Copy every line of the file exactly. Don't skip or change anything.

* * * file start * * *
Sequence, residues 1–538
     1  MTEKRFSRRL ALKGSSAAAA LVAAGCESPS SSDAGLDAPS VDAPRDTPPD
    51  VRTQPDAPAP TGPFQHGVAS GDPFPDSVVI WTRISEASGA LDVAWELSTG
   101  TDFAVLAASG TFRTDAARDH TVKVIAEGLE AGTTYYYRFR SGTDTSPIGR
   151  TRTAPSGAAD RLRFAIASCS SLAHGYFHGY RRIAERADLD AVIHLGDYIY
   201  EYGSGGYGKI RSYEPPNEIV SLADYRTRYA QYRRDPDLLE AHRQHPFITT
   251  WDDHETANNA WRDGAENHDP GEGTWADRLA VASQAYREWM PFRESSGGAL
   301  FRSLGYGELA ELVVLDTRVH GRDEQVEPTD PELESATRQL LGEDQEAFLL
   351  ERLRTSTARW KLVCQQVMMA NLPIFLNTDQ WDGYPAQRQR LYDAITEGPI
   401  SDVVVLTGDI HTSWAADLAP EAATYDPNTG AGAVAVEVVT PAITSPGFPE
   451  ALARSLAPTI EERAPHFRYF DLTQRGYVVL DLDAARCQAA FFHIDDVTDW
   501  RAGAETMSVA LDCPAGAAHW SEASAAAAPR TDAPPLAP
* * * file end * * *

Sequence, residues 1–538
     1  MTEKRFSRRL ALKGSSAAAA LVAAGCESPS SSDAGLDAPS VDAPRDTPPD
    51  VRTQPDAPAP TGPFQHGVAS GDPFPDSVVI WTRISEASGA LDVAWELSTG
   101  TDFAVLAASG TFRTDAARDH TVKVIAEGLE AGTTYYYRFR SGTDTSPIGR
   151  TRTAPSGAAD RLRFAIASCS SLAHGYFHGY RRIAERADLD AVIHLGDYIY
   201  EYGSGGYGKI RSYEPPNEIV SLADYRTRYA QYRRDPDLLE AHRQHPFITT
   251  WDDHETANNA WRDGAENHDP GEGTWADRLA VASQAYREWM PFRESSGGAL
   301  FRSLGYGELA ELVVLDTRVH GRDEQVEPTD PELESATRQL LGEDQEAFLL
   351  ERLRTSTARW KLVCQQVMMA NLPIFLNTDQ WDGYPAQRQR LYDAITEGPI
   401  SDVVVLTGDI HTSWAADLAP EAATYDPNTG AGAVAVEVVT PAITSPGFPE
   451  ALARSLAPTI EERAPHFRYF DLTQRGYVVL DLDAARCQAA FFHIDDVTDW
   501  RAGAETMSVA LDCPAGAAHW SEASAAAAPR TDAPPLAP